From the celebrity clients and the centre of political drama to weekly flower arrangements and the famous bar in the client lounge, Mishcon de Reya has a certain panache. With “one of the nicest offices in the city”, the firm’s “swanky” Holborn digs is feted as “extremely impressive” and being “like a palace”. Having been impressed by the avant garde cocktail bar, clients can grab themselves sushi and martinis while they wait. Clients and lawyers can also apparently (and slightly bafflingly) have their coffee served via an iPad. Amongst them have been Gina Miller who Mishcon de Reya represented in her legal challenge to prevent the now former Prime Minister Boris Johnson’s proroguing of parliament in 2019, Stella Creasy MP in her maternity cover challenge and the current leader of the opposition Keir Starmer who has been known to have advised the firm.
Work-wise, Mishcon’s twin strengths are litigation and private clients. The firm’s smaller size — it has just four offices, in London, Cambridge, Oxford and Singapore, and an association in Hong Kong with Karas So LLP, giving it a different feel to a megafirm. The downside to the lack of a global footprint is minimal availability of secondments, although there are occasional work trips, and one rookie reports staying overnight in Madrid to meet a client. Client secondments at Mischon are rare, with just a handful of current trainees completing six-month stints with some of the firm’s clients, including a real estate property investment and a media client.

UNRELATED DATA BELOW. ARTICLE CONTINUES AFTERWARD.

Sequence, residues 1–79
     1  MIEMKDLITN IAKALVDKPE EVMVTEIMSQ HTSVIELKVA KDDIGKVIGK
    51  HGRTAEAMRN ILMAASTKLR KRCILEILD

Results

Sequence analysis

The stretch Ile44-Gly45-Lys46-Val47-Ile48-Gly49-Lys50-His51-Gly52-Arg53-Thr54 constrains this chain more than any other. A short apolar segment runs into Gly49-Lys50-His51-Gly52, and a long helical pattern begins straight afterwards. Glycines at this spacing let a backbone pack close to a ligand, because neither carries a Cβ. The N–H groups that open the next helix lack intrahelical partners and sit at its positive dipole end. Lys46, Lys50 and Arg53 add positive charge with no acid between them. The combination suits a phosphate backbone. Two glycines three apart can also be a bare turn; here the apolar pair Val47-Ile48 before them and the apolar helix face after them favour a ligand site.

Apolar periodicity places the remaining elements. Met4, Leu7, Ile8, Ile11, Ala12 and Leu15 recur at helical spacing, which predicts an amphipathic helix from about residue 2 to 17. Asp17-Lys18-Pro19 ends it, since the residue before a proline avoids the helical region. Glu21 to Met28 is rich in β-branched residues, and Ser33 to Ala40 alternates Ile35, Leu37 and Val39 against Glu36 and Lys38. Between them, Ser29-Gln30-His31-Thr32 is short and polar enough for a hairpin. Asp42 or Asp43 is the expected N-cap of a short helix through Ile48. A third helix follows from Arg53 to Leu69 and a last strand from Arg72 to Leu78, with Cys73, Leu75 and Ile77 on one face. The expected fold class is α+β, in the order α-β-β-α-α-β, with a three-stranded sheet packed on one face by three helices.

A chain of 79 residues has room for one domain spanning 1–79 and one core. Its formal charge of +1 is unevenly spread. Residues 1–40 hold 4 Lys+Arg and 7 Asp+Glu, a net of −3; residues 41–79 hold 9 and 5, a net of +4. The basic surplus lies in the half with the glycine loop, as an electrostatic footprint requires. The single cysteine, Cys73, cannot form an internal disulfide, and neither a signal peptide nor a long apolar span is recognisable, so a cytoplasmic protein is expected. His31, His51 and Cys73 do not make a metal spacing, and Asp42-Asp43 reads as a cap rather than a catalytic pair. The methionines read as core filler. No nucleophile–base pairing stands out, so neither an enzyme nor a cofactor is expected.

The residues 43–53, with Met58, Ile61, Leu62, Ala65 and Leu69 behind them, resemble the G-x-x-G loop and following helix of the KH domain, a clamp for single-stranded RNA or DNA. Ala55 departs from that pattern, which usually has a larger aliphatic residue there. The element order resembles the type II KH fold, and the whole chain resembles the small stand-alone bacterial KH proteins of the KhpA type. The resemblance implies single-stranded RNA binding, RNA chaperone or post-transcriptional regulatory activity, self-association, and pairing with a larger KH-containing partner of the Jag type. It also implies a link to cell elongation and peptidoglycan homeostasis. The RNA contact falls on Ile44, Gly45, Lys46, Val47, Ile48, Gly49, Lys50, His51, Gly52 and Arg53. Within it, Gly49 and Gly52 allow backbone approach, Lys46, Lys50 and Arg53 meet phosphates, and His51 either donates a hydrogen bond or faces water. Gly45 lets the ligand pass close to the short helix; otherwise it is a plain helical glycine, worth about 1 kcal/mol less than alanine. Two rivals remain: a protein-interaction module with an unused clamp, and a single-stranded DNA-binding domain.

Trainees report that the work is “challenging and varied” as they get to enjoy Mishcon’s “niche and interesting departments” and are entrusted with “a lot of responsibility”. If you want a glimpse into the kind of work Mischon does, an example would be the win it recently secured for posh Mayfair restaurant Hush in a lease extension dispute. Training at the firm begins with an “excellent” induction followed by “intense training in each department at the start of each seat”. One trainee summarises: “training is great on both a technical and a personal level. Supervisors will bring you into matters that they think will be of interest to you as well as providing you with the technical skills you need.” Another rookie warns, however, that although “interesting” and “targeted”, the training can be “a bit of a lottery as it varies across teams”. Another tells us, like with many firms, the training can vary based on how busy the departments are and who you’re assigned as a supervisor.
Generally, though, senior members of the firm are very approachable and embrace a non-hierarchical atmosphere. “Partners have been very approachable, despite often being incredibly busy. At the lower end, it varies a lot more, but the friendly faces far outweigh the more reserved”, says one spy. Another adds that partner approachability is “mostly great, with the odd scarier partner – partners in real estate, dispute resolution and employment were found to be more approachable than their private client counterparts. On the whole, however, it’s an open-door policy and partners are grateful when you approach them directly/ ask for their advice”. It also helps that trainees tend to look out for one another. “Such an amazing group – we get on really well and are always there to support each other and advise. Zero sense of competitiveness and always feel like there’s someone to go to for help,” gushes one. The firm also provides a budget for social events for trainees “which enables [trainees] to bond further”, reports another rookie.